Page:A History of the Inquisition of the Middle Ages-Volume I .pdf/325

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The gradual organization of the Inquisition was simply a process of evolution arising from the mutual reaction of the social forces which we have described. The Albigensian Crusades had put an end to open resistance, yet the heretics were none the less numerous, and, if less defiant, were only the more difficult to discover. The triumph of force had increased the responsibility of the Church, while the imperfection of its means of discharging that responsibility was self-confessed in the enormous spread of heresy during the twelfth century. We have seen the confused and uncertain manner in which the local prelates had sought to meet the new demands upon them. When the existence of hidden crime is suspected there are three stages in the process of its suppression — the discovery of the criminal, the proof of his guilt, and finally his punishment. Of all others the crime of heresy was the most difficult to discover and to prove, and when its progress became threatening the ecclesiastics on whom fell the responsibility of its eradication were equally at a loss in each of the three steps to be taken for its extermination.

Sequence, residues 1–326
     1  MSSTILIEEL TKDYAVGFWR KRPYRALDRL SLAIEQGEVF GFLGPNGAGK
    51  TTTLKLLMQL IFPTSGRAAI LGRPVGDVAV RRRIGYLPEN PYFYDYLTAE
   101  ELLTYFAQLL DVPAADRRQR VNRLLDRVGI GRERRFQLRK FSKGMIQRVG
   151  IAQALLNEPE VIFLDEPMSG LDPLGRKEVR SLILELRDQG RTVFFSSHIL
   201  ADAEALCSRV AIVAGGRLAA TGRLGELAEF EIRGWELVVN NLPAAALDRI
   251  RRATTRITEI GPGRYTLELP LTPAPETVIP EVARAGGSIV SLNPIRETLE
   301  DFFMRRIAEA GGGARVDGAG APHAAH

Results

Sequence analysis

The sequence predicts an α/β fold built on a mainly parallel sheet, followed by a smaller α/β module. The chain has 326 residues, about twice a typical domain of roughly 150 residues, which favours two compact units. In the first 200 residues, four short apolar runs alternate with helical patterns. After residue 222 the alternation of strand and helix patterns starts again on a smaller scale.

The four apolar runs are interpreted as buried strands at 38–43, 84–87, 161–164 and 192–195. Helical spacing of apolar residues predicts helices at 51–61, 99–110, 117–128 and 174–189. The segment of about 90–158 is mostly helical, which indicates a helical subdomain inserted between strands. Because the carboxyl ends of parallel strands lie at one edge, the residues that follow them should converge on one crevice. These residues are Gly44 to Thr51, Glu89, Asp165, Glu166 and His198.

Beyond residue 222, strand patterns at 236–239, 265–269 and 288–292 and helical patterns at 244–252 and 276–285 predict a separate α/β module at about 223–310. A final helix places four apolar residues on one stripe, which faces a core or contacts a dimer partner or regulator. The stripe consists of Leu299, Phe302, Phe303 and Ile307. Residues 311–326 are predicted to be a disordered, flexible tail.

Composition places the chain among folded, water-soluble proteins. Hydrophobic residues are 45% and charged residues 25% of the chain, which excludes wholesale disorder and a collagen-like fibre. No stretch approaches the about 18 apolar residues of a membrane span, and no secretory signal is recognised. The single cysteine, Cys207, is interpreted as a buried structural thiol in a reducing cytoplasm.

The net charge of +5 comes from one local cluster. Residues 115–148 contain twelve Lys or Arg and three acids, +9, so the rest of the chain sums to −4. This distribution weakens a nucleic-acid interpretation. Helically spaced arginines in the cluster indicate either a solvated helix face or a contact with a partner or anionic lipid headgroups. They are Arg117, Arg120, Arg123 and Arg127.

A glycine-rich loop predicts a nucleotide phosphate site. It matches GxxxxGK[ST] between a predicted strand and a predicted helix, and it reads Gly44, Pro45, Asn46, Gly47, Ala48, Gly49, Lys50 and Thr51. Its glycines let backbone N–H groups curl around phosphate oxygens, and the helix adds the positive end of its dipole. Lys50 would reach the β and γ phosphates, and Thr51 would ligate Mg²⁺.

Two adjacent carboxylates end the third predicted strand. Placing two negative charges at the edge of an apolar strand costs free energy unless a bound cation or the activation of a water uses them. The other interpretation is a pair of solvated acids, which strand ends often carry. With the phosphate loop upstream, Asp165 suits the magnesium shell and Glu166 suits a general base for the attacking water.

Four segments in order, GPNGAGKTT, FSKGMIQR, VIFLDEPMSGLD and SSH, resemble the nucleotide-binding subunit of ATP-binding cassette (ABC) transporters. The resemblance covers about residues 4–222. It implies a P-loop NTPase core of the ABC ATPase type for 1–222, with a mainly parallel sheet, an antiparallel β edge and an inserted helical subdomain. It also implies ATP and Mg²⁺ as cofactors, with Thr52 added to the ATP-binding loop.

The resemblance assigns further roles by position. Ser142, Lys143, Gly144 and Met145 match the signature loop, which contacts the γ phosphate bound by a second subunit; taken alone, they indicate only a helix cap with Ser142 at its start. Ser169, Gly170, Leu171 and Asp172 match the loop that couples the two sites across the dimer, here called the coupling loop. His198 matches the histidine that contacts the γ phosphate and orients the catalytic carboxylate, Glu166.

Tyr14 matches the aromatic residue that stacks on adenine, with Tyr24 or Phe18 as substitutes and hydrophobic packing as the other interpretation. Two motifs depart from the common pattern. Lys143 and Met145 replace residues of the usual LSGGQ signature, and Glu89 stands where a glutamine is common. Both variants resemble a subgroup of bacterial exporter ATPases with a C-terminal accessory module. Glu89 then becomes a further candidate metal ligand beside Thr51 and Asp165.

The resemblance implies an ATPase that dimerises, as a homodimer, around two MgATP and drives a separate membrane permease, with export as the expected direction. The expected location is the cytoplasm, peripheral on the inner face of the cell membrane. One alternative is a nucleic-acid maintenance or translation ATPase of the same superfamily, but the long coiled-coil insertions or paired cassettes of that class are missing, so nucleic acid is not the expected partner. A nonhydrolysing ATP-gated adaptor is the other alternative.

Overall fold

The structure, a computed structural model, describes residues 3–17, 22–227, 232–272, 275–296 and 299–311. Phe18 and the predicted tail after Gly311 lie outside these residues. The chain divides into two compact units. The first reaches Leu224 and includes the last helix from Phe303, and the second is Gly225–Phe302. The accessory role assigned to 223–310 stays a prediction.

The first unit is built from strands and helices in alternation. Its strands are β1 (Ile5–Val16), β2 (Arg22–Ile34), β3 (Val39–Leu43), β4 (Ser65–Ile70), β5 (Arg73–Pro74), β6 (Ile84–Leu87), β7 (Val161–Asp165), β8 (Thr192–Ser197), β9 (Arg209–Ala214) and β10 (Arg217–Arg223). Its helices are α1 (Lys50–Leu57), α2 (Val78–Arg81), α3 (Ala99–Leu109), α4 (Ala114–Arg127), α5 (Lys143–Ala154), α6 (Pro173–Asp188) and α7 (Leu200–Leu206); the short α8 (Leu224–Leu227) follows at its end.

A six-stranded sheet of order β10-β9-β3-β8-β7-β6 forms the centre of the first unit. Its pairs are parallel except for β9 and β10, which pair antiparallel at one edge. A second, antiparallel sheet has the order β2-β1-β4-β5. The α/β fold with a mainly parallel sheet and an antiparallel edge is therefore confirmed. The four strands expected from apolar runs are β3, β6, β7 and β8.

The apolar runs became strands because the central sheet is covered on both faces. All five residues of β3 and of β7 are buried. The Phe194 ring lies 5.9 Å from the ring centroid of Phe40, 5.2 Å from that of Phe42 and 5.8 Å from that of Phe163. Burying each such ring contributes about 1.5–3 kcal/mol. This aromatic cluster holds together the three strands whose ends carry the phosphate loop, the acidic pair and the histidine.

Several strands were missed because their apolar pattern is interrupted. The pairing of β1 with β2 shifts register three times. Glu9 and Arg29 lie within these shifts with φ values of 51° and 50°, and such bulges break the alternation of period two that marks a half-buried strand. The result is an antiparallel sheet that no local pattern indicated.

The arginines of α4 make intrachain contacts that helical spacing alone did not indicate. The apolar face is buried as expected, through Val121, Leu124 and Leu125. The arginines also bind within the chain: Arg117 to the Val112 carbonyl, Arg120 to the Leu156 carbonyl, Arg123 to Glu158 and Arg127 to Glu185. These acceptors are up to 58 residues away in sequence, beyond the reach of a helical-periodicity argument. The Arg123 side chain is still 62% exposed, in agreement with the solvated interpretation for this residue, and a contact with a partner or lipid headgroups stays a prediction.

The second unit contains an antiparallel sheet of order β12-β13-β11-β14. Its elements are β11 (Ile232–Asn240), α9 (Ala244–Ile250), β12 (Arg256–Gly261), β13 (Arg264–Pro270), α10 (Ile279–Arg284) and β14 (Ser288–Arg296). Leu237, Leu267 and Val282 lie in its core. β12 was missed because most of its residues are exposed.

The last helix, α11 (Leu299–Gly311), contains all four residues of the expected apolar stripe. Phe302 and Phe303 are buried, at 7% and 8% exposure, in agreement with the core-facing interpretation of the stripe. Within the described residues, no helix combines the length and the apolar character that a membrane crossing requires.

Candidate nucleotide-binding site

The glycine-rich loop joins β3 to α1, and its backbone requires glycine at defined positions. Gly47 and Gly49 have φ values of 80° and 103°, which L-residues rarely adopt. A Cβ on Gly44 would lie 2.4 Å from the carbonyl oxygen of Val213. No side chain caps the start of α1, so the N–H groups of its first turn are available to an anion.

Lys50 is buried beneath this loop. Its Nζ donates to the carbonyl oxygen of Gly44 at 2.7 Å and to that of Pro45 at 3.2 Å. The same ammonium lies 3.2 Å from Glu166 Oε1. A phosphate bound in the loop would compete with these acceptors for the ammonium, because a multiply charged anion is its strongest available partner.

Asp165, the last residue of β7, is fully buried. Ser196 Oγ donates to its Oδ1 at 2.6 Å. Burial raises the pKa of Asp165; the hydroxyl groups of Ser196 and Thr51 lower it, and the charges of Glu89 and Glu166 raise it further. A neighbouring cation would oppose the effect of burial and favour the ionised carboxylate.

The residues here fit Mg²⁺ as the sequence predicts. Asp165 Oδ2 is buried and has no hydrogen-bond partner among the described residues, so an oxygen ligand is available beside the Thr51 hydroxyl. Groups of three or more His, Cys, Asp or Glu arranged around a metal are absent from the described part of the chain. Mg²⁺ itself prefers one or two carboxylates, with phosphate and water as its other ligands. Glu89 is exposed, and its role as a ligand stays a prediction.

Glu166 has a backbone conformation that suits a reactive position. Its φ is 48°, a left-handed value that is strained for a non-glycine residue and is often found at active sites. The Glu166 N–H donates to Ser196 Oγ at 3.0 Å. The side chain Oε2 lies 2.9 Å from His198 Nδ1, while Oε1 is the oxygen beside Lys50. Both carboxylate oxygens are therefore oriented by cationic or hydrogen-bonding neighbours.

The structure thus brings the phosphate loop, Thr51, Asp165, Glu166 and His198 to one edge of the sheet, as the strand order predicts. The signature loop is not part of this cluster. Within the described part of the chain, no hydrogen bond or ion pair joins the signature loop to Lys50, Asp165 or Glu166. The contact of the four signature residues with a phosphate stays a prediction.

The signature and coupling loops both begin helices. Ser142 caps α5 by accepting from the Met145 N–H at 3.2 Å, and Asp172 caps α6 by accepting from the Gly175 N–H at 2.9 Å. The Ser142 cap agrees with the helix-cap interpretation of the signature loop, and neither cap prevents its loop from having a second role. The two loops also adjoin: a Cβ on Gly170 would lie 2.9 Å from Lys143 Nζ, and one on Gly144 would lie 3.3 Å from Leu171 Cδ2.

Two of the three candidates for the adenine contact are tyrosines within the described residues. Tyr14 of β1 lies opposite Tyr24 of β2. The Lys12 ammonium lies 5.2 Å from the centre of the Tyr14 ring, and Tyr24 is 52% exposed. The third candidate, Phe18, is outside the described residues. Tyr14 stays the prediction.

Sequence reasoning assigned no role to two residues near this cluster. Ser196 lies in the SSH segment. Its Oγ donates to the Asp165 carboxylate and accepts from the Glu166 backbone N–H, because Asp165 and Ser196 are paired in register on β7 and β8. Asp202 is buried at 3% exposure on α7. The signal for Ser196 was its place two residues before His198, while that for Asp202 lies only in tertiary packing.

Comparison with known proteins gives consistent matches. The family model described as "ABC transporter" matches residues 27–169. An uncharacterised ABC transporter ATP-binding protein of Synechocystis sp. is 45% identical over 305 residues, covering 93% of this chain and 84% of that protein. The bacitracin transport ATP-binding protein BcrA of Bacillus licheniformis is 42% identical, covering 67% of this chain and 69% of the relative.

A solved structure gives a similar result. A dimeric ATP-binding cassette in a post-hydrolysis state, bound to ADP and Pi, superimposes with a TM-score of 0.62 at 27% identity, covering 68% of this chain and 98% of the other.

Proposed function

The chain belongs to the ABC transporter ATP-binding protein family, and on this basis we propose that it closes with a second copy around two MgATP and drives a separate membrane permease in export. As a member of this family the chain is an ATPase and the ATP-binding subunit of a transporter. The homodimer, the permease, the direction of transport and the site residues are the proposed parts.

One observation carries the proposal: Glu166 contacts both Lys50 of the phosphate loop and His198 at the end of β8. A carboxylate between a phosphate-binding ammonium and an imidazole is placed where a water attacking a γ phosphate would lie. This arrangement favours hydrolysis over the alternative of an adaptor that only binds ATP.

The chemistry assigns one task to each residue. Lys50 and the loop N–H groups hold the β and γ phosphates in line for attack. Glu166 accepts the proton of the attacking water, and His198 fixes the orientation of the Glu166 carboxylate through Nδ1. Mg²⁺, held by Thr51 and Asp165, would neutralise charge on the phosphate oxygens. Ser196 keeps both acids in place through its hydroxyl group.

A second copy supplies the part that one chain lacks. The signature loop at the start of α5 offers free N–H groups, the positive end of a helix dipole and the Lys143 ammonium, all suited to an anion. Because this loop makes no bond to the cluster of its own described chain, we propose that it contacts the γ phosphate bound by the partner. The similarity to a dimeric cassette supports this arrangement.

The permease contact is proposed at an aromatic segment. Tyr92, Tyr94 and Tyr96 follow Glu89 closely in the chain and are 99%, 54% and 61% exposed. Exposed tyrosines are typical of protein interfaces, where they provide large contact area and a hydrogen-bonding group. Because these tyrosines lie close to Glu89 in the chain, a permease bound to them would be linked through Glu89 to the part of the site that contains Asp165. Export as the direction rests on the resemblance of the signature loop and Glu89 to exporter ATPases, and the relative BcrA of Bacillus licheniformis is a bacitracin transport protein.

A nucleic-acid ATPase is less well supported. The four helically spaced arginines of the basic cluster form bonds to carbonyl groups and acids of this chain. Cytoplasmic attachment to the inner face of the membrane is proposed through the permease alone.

Immersed, for the most part, in the multiplied troubles connected with the overgrown temporalities of their sees, the bishops would await popular rumor to designate some man or group of men as heretical. On seizing the suspected persons, there was rarely any external evidence to prove their guilt, for except where numbers rendered repression impossible, the sectaries were assiduous in outward conformity to orthodox observance, and the slender theological training of episcopal officials was generally unequal to the task of extracting confessions from thoughtful and keen-witted men, or of convicting them out of their own mouths. The judicial use of torture was as yet happily unknown, and the current substitute of a barbarous age, the Ordeal, was resorted to